The desire to acquire starts when we’re young. We’re setting up our first apartment, or our first house. We want to put our stamp on it and make it feel like home, so we shop for just the right pieces and decorative items. It doesn’t matter how much or little money we have; whether we’re going wild at a pricey shop or at a thrift store, we regularly buy lots of goodies for our new digs to make it feel like home.
Over the years, we tweak and sometimes redo our environment, which means acquiring more things. Add to this our continual need for clothes, linens, kitchenware and entertainment options, and we’re amassing quite a lot of things.
Should we decide to have children, we’ll find that our desire to acquire increases exponentially, because there are just so many cute little toys, duds and pieces of furniture crying out for a place in our home. And of course, as our kids grow up, their needs change, and we bring into our home anything else they (or we) think they need.
By the time we reach middle age, most of us are afloat in stuff, thanks to that desire to acquire. I said “most of us” because some people are very good at keeping a minimum of stuff in their homes. But they are few and far between. Meanwhile, the rest of us have overflowing basements, attics, garages, and sometimes even rented storage units.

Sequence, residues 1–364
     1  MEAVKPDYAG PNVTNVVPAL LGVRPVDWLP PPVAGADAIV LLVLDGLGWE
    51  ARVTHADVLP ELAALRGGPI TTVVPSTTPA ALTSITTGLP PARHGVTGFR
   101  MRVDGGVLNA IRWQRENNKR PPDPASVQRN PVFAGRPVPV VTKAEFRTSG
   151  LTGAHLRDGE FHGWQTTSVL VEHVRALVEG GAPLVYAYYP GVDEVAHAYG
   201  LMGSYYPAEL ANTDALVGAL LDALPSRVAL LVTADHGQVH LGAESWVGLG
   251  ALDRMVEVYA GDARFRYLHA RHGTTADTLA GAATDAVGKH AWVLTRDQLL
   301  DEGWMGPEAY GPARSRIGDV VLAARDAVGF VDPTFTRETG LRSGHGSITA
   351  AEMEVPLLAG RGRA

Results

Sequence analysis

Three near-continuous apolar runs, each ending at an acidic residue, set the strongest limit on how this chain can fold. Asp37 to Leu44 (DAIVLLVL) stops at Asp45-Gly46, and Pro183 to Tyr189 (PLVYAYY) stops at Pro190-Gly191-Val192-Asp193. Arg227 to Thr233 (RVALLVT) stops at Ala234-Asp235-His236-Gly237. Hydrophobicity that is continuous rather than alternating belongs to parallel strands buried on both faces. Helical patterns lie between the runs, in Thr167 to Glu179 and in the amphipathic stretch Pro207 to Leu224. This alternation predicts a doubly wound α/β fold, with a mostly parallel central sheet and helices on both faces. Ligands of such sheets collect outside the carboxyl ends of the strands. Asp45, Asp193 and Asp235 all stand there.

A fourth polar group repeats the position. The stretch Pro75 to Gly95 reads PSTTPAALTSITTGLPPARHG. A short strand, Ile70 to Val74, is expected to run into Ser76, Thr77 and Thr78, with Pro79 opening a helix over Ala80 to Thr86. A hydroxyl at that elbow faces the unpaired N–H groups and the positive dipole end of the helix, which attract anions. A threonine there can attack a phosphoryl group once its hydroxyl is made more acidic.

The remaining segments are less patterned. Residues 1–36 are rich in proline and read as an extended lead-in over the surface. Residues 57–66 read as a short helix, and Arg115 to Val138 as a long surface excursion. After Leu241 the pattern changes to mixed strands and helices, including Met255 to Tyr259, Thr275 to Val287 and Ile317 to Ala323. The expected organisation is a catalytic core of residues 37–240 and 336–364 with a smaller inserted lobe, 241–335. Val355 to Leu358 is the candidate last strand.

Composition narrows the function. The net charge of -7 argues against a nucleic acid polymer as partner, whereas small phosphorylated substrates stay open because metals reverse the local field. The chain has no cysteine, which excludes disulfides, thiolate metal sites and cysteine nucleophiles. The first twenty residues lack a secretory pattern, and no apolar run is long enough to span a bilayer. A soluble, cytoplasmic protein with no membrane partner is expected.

But there is good news. As we age, the desire to acquire begins to subside. It takes a lot more to impress us, and there’s not much out there that we really want anymore. We find that a small quantity of chosen beloved items can make us quite comfortable, especially after we’ve jettisoned the bulk of the belongings that we acquired over the years.
So if you’re awash in stuff, so much that it’s keeping you tied to a house that’s larger than you need, take heart. Once you decide to free yourself of the burden of stuff, you may find that the desire to acquire is just a little impulse you feel occasionally. In its place roars the desire for freedom from clutter, which is all the motivation you need to lift the burden of stuff from your shoulders.